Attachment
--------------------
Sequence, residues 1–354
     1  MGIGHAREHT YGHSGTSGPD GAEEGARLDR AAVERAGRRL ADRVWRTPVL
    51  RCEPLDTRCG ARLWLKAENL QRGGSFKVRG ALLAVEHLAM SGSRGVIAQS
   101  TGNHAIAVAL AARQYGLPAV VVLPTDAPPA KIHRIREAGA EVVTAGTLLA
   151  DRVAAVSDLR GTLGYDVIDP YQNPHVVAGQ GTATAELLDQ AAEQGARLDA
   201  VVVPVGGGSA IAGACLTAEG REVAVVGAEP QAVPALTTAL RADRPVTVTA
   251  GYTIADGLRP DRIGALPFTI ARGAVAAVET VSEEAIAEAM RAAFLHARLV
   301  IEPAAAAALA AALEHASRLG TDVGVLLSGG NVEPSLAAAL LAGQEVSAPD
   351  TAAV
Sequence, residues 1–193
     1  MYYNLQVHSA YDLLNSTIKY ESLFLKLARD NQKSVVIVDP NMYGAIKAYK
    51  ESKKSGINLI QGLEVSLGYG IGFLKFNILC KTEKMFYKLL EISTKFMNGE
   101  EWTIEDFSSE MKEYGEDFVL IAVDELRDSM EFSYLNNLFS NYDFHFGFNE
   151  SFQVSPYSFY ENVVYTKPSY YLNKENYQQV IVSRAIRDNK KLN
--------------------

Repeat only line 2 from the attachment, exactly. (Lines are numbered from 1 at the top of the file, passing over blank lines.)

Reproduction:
     1  MGIGHAREHT YGHSGTSGPD GAEEGARLDR AAVERAGRRL ADRVWRTPVL